STATE BILL COLORADO
The Denver Business Journal, which added a second legislative reporter after the Rocky Mountain News closed in 2009, will go back to a single reporter — at least for now — with the departure of health-care reporter Bob Mook.
Mook, a Capitol presence for four years, wasn’t at the legislature full-time in 2010, according to DBJ Editor Neil Westergaard. “He did cover health care and insurance so he was up there often,” Westergaard said. “(Former Rocky Mountain News reporter) Ed Sealover is our main legislative reporter.”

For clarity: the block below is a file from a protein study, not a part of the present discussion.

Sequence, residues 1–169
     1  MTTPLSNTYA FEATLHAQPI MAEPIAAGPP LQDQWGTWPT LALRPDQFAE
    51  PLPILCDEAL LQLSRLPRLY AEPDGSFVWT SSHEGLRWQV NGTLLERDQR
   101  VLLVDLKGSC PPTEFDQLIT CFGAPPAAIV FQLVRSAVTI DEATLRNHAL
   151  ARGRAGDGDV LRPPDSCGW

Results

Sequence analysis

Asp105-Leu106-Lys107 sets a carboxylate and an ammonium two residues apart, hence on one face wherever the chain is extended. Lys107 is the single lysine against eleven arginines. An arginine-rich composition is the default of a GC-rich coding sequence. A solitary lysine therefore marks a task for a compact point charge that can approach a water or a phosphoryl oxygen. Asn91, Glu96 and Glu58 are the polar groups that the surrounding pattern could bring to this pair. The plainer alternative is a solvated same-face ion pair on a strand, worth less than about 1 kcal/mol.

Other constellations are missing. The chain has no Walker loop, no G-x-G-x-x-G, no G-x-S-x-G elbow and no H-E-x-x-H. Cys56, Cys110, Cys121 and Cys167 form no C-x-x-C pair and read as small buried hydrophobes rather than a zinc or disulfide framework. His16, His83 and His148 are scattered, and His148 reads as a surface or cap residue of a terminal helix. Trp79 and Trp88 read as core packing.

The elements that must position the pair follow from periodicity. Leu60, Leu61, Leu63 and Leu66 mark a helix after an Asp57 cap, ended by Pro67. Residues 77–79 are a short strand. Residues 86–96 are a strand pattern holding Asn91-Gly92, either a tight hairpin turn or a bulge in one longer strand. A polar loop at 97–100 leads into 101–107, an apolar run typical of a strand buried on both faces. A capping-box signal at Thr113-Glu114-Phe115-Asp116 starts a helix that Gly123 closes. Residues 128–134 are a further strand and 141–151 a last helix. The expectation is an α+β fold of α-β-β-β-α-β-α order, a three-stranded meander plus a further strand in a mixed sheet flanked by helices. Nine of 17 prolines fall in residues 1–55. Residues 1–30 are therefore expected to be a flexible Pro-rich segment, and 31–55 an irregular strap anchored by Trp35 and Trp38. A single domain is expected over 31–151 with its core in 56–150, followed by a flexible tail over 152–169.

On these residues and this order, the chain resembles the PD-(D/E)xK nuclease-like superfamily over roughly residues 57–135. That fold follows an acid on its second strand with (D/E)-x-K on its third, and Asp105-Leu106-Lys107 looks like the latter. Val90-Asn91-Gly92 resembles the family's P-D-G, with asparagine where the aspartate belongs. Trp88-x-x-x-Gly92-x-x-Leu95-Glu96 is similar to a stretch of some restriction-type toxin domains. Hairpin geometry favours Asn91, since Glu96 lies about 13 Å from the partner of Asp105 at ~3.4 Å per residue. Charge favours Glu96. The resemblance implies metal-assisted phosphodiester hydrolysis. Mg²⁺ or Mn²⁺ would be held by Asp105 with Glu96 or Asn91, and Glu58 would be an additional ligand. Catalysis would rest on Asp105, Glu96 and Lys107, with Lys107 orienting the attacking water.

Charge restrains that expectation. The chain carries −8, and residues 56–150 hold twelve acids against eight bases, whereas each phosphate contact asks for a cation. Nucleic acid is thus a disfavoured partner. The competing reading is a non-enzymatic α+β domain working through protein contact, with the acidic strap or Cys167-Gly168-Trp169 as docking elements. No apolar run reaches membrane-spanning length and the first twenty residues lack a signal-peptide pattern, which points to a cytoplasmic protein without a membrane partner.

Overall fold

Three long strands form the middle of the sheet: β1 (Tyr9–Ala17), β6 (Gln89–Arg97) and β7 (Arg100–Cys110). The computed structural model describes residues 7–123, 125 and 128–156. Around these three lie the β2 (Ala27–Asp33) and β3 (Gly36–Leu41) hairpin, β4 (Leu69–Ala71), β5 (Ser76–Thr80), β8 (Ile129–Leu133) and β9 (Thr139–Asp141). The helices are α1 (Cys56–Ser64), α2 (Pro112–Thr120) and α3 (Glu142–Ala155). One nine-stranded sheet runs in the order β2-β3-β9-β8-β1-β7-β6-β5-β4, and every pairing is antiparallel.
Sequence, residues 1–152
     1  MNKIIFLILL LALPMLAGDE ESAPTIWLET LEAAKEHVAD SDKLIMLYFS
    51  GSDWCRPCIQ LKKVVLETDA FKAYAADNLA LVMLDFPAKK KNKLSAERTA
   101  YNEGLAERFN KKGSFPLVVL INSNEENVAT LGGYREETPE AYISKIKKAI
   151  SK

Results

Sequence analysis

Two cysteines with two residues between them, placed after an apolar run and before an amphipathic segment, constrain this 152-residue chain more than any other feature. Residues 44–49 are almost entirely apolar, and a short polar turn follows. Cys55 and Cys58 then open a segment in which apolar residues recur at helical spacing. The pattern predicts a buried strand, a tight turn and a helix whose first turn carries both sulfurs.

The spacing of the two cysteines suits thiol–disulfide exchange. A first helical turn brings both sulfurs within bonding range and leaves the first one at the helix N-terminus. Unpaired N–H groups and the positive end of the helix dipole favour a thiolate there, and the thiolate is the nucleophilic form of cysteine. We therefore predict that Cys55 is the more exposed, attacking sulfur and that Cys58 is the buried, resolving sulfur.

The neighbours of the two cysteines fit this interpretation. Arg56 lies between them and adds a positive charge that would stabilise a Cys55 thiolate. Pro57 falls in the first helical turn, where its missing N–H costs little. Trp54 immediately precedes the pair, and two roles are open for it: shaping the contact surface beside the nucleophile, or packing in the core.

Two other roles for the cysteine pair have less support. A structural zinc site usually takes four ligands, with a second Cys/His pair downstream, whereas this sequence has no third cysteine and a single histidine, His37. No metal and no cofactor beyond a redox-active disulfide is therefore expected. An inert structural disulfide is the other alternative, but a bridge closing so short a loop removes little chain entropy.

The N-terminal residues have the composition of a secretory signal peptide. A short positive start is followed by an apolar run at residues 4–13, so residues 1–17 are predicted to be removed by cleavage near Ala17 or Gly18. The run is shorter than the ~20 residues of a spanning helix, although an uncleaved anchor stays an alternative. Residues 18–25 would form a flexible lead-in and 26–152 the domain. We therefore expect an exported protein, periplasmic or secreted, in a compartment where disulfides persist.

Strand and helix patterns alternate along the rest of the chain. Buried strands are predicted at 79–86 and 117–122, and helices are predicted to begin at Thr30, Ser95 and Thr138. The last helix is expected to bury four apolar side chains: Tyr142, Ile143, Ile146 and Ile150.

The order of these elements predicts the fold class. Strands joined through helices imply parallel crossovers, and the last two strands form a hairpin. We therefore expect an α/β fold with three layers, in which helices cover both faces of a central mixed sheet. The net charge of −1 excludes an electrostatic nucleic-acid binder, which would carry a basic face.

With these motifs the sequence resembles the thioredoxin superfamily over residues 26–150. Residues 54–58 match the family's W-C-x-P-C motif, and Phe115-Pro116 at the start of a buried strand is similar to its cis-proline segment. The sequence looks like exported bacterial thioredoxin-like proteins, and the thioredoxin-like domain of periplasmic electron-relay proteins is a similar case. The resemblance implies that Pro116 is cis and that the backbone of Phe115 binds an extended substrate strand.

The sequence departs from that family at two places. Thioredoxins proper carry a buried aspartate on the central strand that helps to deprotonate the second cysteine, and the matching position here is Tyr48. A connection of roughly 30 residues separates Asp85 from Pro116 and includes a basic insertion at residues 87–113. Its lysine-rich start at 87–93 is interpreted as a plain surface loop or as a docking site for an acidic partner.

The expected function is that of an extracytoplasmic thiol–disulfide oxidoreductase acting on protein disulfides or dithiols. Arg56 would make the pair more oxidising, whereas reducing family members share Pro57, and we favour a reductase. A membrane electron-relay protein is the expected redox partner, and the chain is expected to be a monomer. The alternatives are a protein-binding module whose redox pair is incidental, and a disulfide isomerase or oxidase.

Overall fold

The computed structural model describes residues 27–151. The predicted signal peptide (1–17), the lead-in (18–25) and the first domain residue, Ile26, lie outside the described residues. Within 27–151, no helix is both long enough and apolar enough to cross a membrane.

The DBJ won’t immediately replace Mook but expects to later this year, Westergaard added.
Mook took a position at the Colorado Health Foundation.
Colorado’s capitol press corp has dwindled in the recent past as papers including The Pueblo Chieftain, The Fort Collins Coloradoan, The Longmont Times-Call and The Colorado Springs Gazette have closed their statehouse bureaus or cut back. The Grand Junction Daily Sentinel went without a legislative reporter for the second half of the 2009 session after Mike Saccone joined the Colorado Attorney General’s office, but it has since replaced him.
The Denver Post, which had four reporters at the end of the last legislative session with the addition of News reporter Lynn Bartels, has fallen back to three reporters for 2010.